Existing beam material Existing Beam Modification Design Steel Concrete Steel Design X Post Tension Modification Design X Fabric Reinforced Design X

It will be appreciated that the example procedures for bridge widening may be used in many contexts, and for other types of bridge designs. They may be particularly suited, e.g., for replacing an existing HOV roadway footprint with a managed lane tolling facility without reconstructing the over pass bridge structures and adding road lanes. Because toll lanes provide steady revenue, which may be securitized in some circumstances, the invention may provide needed capital savings for the development of managed lane toll system utilizing revenue sourced bonds. Simply stated, the cost of modifying a bridge is significantly lower than the cost of replacing an overpass bridge with a new bridge configuration that utilizes the same bridge abutments. When coupled with an increase of the number of usable road lanes that may be tolled, the existing roadway facility can be expanded and paid for by securitizing the new tolled facility.

It will be appreciated that this approach may also be used to reconfigure overpass bridge structures not only for centerline managed lane, but also for HOV, rail or other transportation needs. One possible advantage of many of the example embodiments described herein are that the transportation facility can be added without materially impacting existing roadway traffic. For example, many of the structures described above do not require replacement of the bridge deck, resulting in minimal traffic distribution on the road passing over the overpass.

A further advantage of some of the example described above is that the existing bridge structures may be reconfigured while still maintaining existing clearance heights

The example methods may be applied to simply supported ASHTOH beams, simply supported steal beams, or continuous beam bridge configurations of either steel or concrete design

FIG. 8 illustrates a flowchart for an example procedure for modifying a conventional simply supported overpass bridge configuration, according to an example embodiment of the present invention. In the example procedure, the highway passing under the bridge may have a set of lanes in a first direction and a second set of lanes running in a second, opposite direction. The lanes may pass under a highway overpass bridge having a center pier located between the first and second sets of lanes. The existing bridge may have a first fixed bridge support on a first outer side outwards from the first set of lanes, and a second fixed bridge support on a second outer side outwards from the second set of lanes.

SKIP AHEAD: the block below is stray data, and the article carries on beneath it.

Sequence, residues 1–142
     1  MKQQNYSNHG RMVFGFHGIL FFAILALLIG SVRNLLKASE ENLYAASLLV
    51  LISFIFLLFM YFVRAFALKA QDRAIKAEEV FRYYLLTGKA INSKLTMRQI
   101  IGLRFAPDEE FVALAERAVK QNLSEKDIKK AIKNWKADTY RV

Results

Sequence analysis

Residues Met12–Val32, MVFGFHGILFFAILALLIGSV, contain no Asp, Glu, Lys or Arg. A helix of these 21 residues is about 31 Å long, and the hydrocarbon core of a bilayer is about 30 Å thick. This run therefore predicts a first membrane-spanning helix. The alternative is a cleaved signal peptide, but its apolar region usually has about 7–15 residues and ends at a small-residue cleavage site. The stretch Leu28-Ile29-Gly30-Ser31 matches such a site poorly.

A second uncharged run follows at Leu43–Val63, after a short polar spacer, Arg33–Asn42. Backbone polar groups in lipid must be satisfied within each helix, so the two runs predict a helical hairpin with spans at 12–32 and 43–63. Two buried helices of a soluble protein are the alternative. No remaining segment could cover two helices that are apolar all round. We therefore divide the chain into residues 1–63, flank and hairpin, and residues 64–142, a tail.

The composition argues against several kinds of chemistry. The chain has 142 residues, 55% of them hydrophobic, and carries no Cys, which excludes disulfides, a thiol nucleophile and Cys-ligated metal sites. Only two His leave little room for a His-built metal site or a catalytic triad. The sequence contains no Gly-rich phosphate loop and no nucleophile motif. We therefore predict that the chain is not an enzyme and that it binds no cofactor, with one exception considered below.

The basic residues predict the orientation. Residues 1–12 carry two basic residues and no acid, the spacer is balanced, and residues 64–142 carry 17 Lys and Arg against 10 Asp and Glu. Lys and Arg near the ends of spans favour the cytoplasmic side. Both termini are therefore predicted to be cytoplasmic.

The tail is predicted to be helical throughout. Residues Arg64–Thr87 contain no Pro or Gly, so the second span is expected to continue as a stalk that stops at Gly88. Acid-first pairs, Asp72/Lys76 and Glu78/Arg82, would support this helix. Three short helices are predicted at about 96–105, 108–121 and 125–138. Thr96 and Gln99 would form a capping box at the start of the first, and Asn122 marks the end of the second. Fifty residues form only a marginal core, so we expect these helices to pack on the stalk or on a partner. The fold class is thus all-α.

In 810 traffic may be redirected, e.g., by closing the inner HOV lanes in each direction.

In 820, footings for the new piers may be provided. It will be appreciated that the construction zone may only need to be extended slightly beyond the position of the new piers, allowing the outer traffic lanes to continue to operate throughout all or at least most of the example construction procedure.

In 830, two new replacement central piers may be installed. A gap may be provided between the replacement piers for the provision of new central lanes passing between the new piers, e.g., bidirectional toll or HOV lanes.

In 840, needle beams supported by the new piers may be installed between the existing girder structure of the bridge deck.

In 850, a collector beam, supported by the needle beams may be added to support the existing central reaction points of the simple span. If necessary, the collector beam structure may be post-tensioned. The collector beam may be made with a variety of materials, as discussed previously in the examples above.